About the authors:
Sarah Abou-Shehada is a trainee patent attorney at Appleyard Lees IP LLP. Sarah has worked within a consortium of large pharmaceutical companies, universities, and small/medium-sized entities across Europe, whose aim was to develop sustainable manufacturing methods for the pharmaceutical industry.
Claire Devine is a patent attorney at Appleyard Lees IP LLP. Claire has worked with a range of clients in the biotechnology and pharmaceutical areas, on applications related to a broad range of technologies, including antibodies, industrial biotechnology, gene therapies, RNA therapies, new chemical entities and drug repurposing.
In our everyday lives, we are used to seeing digital innovation having a transformative impact. For example, nowadays it is common for us to leave the house without even bothering to pick up a wallet, safe in the knowledge that it will be possible to pay for anything using either a phone or even a watch! These innovations help to streamline our lives and make everyday tasks more efficient.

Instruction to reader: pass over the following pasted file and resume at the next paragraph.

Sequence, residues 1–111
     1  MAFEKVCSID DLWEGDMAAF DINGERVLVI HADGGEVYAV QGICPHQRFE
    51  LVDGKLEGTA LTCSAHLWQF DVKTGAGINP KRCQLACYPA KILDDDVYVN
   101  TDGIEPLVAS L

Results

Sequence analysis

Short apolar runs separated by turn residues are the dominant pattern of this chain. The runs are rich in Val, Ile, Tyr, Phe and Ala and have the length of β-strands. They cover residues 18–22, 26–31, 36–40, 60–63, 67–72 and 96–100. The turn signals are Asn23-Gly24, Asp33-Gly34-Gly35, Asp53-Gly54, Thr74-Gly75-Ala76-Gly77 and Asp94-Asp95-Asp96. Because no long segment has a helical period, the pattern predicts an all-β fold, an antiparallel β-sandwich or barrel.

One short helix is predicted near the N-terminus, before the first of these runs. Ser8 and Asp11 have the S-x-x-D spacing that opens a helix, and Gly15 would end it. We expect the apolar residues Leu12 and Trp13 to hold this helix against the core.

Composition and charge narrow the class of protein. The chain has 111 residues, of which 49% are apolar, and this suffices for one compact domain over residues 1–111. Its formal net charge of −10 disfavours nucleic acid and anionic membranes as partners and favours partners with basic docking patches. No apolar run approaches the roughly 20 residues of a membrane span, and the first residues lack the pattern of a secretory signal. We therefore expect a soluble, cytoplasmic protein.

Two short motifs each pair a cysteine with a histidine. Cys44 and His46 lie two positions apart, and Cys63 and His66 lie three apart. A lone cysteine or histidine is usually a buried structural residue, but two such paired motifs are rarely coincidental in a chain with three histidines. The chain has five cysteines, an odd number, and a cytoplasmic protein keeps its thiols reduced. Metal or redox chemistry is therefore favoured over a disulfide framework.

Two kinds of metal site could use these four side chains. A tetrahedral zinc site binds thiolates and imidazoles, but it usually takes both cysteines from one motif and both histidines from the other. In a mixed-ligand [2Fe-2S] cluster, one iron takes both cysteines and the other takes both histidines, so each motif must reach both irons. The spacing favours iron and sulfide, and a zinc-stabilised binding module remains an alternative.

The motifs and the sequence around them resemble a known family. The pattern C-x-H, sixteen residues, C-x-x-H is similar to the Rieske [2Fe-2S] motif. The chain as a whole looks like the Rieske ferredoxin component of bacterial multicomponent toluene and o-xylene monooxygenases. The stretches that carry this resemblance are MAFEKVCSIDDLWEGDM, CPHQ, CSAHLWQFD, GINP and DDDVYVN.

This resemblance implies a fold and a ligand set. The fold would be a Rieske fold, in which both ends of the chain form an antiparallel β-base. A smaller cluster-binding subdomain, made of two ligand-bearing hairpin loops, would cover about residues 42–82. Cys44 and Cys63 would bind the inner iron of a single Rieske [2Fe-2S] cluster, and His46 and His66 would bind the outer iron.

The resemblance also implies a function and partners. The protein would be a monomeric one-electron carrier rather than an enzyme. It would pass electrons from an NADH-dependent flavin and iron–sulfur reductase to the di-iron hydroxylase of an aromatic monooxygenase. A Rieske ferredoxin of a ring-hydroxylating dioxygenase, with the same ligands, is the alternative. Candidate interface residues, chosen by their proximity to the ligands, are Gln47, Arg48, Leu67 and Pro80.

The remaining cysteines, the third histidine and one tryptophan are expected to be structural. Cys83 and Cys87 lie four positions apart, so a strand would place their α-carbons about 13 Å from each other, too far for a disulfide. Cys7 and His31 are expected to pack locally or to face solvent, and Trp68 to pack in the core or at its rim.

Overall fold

Over the last decade, digital innovation has also found its way into the healthcare space. In particular, pharmaceutical and biotechnology companies commonly use computation tools and innovations to streamline the drug discovery process or the development of diagnostics. There are multiple companies currently utilising artificial intelligence (AI) and machine learning to facilitate and/or inform methods for processing data from clinical trials, monitoring patients and facilitating patient engagement.
The healthcare space generates vast volumes of data annually. A significant challenge with this data is in how to accurately analyse and interpret it to inform research accurately and comprehensively. As such, any innovation in the digital health space demands an interdisciplinary approach requiring expertise in, at least, the healthcare technology in question, analytics, and data processing. Due to this interesting blend of technologies and expertise, innovations in digital health can cover an array of different products and methods. Many of these innovations can be patent protected.